Learning is enhanced when evaluation is used to learn from it.

  • How does your way of evaluating become instructive for learners?
  • How does your way of evaluating become fair and reliable?
  • How do you ensure that your teaching provides feedback that gives learners insight into what is expected of them, what they can do and which steps they can take to reach a higher level of performance?
  • How do you quickly gather information that allows you to tailor your instruction to what learners need?
  • How do you activate learners to determine a personal learning route?

… by evaluating during your teaching through gathering information on students’ learning in order to learn from it again

What does it mean and why is it important?

Assessments can have a summative function, aimed at providing a final judgment or making a decision, but also a formative function, aimed at improving the learning process. For both functions of assessment, it is important that the learning objectives, lesson content, and assessment fit together seamlessly (‘constructive alignment’, Biggs, 1996). It is also important for both functions that the evaluation is fair and reliable. Formative evaluation can be formal in nature, for instance when external criteria and standards and standardised tests are used at set times with a view to improving learning. Formative assessment can also have a more informal character, such as when information is collected during the learning process to support learning by providing customised help [link to adaptive] or to encourage learners to increasingly direct their own learning [link to self-regulated].

In formative assessment, typically, information is elicited and used to optimise learning processes and generate feedback that provides learners insight into what is expected of them, where they are now and what they can do to develop further. In classroom assessment the teacher uses short-term interventions during the lesson to prompt learners to reflect and gain insight into learning outcomes. Formative assessment can also extend over a longer period and include, for example, several lessons or professional development meetings. Summative evaluation, too, can be used formatively: for example, when learners receive feedback in response to summative evaluation.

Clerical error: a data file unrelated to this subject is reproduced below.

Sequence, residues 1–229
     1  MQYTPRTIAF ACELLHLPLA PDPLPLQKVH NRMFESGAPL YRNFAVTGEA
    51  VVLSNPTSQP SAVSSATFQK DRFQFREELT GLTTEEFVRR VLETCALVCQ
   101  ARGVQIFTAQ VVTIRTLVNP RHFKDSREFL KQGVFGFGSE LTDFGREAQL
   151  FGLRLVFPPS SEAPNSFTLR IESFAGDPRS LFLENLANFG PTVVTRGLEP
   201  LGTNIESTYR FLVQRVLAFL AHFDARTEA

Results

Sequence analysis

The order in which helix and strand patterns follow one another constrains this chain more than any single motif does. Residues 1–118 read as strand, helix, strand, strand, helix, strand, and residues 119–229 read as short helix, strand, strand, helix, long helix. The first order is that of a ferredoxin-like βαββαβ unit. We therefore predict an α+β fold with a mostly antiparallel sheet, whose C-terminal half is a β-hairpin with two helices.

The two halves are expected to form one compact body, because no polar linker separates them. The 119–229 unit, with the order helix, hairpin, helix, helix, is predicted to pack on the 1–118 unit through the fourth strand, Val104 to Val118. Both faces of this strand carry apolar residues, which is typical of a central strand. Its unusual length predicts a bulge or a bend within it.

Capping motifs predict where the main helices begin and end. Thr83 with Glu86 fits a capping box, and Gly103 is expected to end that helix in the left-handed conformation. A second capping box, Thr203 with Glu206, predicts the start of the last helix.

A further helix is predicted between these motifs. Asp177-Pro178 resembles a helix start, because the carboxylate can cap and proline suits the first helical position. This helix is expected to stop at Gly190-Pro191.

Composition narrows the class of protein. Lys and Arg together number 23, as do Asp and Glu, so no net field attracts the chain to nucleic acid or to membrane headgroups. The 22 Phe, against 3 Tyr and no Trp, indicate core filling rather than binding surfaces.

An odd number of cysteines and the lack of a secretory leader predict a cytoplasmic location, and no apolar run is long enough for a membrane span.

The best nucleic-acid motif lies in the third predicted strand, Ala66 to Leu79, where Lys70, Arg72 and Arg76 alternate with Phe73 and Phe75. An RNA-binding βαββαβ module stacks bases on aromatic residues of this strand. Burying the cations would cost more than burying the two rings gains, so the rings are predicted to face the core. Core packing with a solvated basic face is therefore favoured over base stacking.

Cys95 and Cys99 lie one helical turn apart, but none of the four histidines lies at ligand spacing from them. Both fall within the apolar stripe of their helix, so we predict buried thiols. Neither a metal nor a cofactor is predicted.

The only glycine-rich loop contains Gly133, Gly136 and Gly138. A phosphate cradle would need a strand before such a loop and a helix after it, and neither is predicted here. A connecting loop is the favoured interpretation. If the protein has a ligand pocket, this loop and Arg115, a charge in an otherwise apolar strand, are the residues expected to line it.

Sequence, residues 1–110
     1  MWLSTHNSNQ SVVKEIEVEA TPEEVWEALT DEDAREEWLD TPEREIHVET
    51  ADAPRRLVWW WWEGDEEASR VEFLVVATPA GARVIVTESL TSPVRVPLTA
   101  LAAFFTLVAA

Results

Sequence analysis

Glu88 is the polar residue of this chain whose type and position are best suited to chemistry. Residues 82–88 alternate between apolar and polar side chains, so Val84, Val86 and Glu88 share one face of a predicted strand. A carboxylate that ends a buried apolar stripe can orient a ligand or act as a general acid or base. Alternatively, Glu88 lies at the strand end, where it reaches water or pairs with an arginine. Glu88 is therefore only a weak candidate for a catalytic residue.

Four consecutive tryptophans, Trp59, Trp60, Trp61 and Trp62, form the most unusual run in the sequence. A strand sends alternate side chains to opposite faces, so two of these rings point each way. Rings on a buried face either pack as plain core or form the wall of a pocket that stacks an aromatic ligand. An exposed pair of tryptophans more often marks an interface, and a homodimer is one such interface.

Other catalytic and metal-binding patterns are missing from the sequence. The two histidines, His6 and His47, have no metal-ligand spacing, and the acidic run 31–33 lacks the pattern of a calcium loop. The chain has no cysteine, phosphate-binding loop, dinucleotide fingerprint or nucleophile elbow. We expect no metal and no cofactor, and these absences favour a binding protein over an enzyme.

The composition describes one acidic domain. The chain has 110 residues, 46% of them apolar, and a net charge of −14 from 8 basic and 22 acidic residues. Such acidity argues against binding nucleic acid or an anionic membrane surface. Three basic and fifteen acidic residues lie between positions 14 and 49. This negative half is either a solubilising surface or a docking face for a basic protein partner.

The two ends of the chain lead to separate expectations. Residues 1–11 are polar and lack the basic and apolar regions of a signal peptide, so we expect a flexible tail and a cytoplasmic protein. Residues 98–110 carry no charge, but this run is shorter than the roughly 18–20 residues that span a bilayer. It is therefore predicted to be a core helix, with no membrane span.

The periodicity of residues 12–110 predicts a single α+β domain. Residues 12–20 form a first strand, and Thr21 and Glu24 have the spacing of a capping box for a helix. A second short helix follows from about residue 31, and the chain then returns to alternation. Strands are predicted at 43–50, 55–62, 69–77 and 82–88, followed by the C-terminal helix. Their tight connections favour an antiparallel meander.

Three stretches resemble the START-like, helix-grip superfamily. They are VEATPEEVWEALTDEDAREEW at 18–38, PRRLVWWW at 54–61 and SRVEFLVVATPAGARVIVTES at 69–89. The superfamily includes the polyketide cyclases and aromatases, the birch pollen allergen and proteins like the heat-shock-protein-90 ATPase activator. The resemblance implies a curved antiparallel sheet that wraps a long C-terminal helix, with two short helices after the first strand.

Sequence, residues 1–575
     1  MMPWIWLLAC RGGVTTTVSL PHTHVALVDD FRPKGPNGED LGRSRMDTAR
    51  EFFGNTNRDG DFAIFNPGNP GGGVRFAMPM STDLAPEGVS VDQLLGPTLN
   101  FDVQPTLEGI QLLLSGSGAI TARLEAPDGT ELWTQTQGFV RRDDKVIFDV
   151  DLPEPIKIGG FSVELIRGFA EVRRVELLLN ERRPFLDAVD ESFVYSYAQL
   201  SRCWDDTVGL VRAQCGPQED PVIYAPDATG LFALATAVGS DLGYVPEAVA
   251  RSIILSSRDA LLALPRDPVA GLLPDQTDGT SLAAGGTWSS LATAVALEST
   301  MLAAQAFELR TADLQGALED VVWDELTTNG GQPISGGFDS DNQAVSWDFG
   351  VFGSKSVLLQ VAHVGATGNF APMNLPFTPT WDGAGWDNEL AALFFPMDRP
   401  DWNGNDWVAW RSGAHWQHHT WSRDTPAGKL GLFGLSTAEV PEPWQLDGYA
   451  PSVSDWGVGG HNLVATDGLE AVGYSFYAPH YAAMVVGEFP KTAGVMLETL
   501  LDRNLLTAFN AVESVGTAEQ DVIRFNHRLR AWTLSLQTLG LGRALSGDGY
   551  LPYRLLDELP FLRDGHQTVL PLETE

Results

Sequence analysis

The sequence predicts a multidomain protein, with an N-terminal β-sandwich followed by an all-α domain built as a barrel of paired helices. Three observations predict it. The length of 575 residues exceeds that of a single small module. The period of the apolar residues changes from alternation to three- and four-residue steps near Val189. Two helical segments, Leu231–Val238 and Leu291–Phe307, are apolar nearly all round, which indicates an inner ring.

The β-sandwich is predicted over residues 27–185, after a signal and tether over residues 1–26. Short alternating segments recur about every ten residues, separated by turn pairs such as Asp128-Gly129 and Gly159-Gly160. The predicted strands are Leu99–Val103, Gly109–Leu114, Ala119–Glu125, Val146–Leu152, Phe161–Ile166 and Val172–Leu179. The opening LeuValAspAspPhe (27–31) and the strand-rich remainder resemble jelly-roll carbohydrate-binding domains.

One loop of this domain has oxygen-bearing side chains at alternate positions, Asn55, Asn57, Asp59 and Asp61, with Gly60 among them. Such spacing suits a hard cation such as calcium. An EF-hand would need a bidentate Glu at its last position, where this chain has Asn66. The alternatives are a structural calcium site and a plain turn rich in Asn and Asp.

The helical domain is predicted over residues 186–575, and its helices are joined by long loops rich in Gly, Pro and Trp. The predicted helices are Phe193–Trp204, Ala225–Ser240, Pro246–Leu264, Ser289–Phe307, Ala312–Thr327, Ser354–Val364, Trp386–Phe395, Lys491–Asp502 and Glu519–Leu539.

Here we provide an example of feed-up, feedback, and feed-forward (Hattie & Timperley, 2007) around a speaking assignment:

An English teacher discusses with the whole class the success criteria for a speaking assignment: “Grammatical correctness is not the most important thing while speaking, it’s about successfully carrying out the conversation with the resources you have.” Based on the explanation of success criteria, students create their own assessment criteria for a speaking task. The task is subsequently carried out in groups of three, with  one student who gives peer feedback on the two speakers. Meanwhile, the teacher walks around, listens to conversations and asks about the peer feedback. At the end of the lesson, the teacher discusses some frequently-occurring difficulties in class. In the lessons that follow, the teacher gives extra attention to these aspects.

Practical implications

Here are some practical tools for designing and delivering teaching and training in which formative practice and assessment for learning are central. These tools are suitable for multiple teaching units: from lessons to curricula.

Supervising teacher learning

Formative assessment and teacher professional learning (book)


On internal consistency in an assessment: Do you use Cronbach’s alpha to check internal consistency?

Research projects

Scholarly publications